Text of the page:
A cost too high to bear!

There is a need of global commitment to redirect the resources to attain the goal of sustainable development for all


Shabnam Baloch April 14, 2015
The writer is a development professional working with Oxfam GB

Major natural disasters are capable of having stern negative short-run economic impacts. Disasters also leave inauspicious long-term consequences for economic growth, development and poverty diminution. Disasters chip away at development progress, encumber economic growth and intimidate food production and aggravate existing poverty conditions. At the national level, it may take numerous years for developing countries to recuperate from the consequences brought in by the disaster and be competent to re-invest resources in development.

Disasters are affecting the global population as a whole but they are more likely to affect vulnerable people in poor countries, often locking them into endemic poverty traps.  The strong recursive relationship between poverty and disasters cannot be ignored. The relationship is, however, multi-faceted and complex. It is also a dilemma that we consider an event as a disaster when there is a sudden happening in which our coping capacities are challenged. However, a disaster can be slow as well as sudden since it is a result of a combination of factors like hazards, vulnerability, capacity and exposure to risk.

Vulnerability to natural hazards is indomitable by a complex and dynamic set of factors, such as economic configuration, level of development, governance infrastructure and existing socioeconomic and policy environment. The need to link the pre and post disaster scenarios with development is critical. However, historically, the focus of interventions after a disaster event has always been on relief and emergency operations and socio-economic and policy environment has remained unfocussed to understand and address the structural causes.

There is hardly a second opinion that events afar our control may generate a disaster, the echelon of preparedness and response significantly determines the scope of torment incurred by the pretentious population. But, it is also true that there are many factors which can be positively influenced to lesser the impact of natural disasters. It is not exaggerated to say that the more economically empowered you are, the more resilient you are. There are numerous examples of how disasters of the same intensity have impacted countries of different economies. The level of economic development is a key determining factor for the vulnerability to disasters impact and capacity to recover.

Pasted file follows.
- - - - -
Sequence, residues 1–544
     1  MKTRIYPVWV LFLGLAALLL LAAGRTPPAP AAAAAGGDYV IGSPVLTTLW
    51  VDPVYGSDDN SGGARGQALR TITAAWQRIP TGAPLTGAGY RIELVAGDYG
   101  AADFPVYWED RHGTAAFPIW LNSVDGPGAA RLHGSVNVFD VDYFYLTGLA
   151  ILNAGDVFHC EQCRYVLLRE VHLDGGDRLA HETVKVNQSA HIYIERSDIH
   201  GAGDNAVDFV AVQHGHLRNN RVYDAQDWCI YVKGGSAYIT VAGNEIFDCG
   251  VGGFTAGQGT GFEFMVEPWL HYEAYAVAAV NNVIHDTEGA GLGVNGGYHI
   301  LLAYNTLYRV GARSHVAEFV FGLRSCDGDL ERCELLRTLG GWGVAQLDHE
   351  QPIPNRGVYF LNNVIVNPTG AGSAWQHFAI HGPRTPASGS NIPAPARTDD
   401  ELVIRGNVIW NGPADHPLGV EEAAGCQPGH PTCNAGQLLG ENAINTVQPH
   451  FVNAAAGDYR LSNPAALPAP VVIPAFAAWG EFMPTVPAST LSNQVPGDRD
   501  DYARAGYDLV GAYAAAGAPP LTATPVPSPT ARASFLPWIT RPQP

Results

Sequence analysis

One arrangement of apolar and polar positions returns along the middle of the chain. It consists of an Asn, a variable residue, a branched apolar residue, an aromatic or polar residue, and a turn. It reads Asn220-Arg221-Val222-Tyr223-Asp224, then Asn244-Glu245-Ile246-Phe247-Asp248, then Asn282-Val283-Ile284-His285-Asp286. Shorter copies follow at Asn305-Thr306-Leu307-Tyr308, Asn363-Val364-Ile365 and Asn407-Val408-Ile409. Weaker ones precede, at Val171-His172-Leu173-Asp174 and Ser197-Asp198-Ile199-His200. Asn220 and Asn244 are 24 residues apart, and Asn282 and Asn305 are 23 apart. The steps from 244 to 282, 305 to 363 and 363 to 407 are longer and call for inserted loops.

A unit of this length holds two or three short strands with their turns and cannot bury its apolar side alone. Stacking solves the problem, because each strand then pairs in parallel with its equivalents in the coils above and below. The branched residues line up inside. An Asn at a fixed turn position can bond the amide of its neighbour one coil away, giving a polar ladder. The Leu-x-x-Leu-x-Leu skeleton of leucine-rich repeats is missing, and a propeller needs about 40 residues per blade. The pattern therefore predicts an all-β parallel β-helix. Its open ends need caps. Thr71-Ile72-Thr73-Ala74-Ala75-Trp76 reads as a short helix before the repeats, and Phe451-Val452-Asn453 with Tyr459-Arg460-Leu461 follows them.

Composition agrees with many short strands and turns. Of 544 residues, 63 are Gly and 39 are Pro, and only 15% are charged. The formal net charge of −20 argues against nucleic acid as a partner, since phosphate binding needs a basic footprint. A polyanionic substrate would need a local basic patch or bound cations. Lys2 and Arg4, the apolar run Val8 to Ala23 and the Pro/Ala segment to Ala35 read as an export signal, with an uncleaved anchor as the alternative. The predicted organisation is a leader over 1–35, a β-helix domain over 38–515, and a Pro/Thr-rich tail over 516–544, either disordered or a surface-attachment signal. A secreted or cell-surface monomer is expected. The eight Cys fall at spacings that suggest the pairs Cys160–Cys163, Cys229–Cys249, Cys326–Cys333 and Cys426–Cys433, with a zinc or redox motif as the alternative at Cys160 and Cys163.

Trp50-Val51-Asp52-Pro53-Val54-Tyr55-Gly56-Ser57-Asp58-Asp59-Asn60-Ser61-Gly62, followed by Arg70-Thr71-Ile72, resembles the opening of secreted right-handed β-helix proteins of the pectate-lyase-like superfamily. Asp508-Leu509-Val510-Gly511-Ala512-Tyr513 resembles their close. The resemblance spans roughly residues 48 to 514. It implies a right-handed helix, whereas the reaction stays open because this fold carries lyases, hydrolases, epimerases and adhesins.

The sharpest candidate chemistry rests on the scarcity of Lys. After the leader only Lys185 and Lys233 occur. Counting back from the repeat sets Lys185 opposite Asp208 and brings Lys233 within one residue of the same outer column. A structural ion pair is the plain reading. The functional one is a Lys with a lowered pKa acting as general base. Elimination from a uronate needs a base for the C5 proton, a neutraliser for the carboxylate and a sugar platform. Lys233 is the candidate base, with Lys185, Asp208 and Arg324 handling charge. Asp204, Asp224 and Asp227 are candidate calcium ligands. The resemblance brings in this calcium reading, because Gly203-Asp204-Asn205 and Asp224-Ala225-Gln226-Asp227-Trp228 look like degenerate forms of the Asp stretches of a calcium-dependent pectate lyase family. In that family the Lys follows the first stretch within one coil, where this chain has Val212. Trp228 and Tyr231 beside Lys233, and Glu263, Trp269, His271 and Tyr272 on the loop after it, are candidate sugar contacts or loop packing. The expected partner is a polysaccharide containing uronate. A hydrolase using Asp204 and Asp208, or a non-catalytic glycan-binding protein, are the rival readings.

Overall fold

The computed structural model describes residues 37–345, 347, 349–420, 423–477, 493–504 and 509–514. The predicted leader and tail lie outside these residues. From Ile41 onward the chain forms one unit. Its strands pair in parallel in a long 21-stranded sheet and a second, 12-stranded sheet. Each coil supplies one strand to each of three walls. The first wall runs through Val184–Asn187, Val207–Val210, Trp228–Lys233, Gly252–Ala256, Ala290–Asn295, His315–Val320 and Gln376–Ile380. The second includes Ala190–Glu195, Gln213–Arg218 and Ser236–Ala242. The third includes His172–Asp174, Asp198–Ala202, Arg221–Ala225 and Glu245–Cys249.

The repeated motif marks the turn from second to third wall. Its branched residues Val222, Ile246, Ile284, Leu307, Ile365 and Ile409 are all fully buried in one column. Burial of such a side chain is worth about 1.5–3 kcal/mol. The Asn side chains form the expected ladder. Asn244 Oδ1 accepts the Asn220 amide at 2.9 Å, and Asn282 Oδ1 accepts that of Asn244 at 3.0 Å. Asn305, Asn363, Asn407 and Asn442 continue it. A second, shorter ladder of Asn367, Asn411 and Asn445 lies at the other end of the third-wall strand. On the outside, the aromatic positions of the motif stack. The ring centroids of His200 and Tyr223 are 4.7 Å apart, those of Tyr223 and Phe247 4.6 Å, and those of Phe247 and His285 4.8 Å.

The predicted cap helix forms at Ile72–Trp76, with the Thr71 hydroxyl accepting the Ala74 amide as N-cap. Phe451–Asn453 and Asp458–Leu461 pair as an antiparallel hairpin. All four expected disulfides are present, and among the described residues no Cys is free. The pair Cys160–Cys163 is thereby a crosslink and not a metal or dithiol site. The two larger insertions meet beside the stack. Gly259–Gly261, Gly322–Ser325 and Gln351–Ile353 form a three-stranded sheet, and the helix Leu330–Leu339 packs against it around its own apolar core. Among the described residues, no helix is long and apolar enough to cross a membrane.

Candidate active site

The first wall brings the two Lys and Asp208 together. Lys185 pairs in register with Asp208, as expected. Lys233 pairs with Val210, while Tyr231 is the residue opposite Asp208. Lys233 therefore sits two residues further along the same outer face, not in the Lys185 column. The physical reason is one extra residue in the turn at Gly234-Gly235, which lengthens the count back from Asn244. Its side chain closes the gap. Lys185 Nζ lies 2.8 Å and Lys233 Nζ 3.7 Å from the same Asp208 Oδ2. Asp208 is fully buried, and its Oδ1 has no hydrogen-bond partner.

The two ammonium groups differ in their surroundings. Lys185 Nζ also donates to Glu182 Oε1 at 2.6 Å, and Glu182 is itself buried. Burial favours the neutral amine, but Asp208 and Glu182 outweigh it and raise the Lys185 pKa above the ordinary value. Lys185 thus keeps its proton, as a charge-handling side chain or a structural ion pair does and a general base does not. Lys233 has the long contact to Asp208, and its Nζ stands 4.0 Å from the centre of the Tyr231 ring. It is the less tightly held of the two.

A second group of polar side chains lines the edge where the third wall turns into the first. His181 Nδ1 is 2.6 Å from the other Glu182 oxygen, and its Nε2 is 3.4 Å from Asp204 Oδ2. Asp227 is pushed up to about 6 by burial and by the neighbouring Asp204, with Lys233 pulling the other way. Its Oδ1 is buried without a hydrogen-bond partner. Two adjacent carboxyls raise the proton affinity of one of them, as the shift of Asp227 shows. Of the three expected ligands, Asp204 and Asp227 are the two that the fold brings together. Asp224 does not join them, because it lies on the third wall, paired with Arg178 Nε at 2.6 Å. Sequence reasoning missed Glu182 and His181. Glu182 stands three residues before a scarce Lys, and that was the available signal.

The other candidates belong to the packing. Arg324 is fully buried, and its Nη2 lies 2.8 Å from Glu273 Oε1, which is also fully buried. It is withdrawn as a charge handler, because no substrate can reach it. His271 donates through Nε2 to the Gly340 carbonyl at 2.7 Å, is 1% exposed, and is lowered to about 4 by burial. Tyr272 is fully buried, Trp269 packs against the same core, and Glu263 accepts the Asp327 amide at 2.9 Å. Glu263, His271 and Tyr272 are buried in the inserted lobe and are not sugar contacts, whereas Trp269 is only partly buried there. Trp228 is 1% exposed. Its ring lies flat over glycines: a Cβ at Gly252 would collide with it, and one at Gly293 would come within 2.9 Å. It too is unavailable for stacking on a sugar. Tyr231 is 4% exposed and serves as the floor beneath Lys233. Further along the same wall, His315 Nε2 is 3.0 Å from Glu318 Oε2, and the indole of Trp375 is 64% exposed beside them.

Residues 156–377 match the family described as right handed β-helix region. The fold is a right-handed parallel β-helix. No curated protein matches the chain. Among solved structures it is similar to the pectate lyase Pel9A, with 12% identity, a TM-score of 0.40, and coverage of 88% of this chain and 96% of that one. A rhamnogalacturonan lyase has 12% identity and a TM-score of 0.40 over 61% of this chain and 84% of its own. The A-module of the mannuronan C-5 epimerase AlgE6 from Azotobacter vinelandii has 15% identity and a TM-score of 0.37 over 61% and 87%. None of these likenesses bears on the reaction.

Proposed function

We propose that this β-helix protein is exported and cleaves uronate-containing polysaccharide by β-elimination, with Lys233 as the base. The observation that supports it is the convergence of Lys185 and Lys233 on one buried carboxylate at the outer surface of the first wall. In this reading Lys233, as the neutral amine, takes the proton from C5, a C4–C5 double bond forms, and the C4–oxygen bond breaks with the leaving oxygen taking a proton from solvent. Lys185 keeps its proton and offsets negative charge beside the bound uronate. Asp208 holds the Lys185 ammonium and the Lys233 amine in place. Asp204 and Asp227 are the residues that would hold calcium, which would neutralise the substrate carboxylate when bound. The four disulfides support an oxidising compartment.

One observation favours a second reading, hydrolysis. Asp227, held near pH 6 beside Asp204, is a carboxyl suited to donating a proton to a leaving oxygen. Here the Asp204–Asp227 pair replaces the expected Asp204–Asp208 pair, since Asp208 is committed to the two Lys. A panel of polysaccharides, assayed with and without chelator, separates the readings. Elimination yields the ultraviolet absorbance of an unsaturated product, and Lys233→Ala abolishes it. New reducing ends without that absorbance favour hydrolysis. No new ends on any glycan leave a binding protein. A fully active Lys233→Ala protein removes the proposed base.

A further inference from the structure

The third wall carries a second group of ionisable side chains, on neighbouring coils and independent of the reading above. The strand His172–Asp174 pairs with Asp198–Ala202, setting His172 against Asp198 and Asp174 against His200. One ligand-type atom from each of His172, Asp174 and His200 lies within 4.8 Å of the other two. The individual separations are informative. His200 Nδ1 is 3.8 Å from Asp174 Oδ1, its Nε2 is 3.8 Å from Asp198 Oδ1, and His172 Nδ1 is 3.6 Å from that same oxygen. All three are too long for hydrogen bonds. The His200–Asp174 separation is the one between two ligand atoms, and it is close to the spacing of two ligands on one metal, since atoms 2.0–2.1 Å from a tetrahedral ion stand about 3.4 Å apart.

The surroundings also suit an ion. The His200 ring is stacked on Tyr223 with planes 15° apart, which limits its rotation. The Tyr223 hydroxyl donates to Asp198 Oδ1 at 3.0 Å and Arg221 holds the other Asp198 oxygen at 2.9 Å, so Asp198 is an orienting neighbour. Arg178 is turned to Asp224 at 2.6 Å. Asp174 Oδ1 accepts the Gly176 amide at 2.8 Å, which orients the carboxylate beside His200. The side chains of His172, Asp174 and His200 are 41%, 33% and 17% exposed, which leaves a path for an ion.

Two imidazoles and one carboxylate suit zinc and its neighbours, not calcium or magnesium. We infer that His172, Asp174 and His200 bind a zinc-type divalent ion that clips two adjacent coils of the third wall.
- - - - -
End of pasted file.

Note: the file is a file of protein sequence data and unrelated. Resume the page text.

According to the World Bank, there are several factors that affect a country’s vulnerability to natural disasters: its geographical size, the type of disaster, the strength and structure of its economy, and prevailing socioeconomic conditions. In a globalised economy, all these factors, as well as others, also play into how the world’s finances will be affected.

If we scrutinise the comparative advantage of pouring in the resources for responding to the disasters and in the preparatory measures to minimise the damaging effects including addressing the structural causes, the result will be in favour of later.

Additionally, natural disasters are potentially a reason for momentous budgetary pressures in a developing country like Pakistan whose economy is already under tremendous burden of debt and poverty.

Essentially, this is a time to start engaging with local communities in order to understand what their existing coping arrangements are and begin developing effective strategies to craft resilience. Indigenous knowledge, wisdom and practices will be of additional benefit while engaging in such a process.

It is equally crucial to know that it is not merely the matter of developing and implementing policies related with disaster management and risk reduction, it is a matter of overall governance and integration of these aspects into every walk of life. It is a matter of institutionalising this approach as a way of living. It has to be reflected in all our moves from top to bottom and from micro to macro levels. It requires strong political commitment, efficient and effective planning, and investment.

The upcoming time is more critical and requires non-negotiable commitment to make pre-disaster planning a priority in all national economic and development strategies and programmes.  Apart from that, there is a need of global commitment to rethink and redirect the efforts and resources to attain the goal of sustainable development for all.

Apparently, the cost of not taking this aspect into consideration while developing the policies and programmes would be too high to bear with. This would only be reversing the achievements attained in the name of development through efforts of the decades.

Optimistically, the progress is  conversely been observed in terms of  acknowledging and showing  the importance of integrating disaster risk reduction into reconstruction and development activities and re-thinking the unsustainable trends in disaster response and reconstruction expenditures. Consequently, the framework of intervention has shifted globally to a more comprehensive and integrated approach to disaster risk management that aims to link emergency relief with development.

The outcomes of these efforts are however yet to be seen. 

Published in The Express Tribune, April 15th,  2015.

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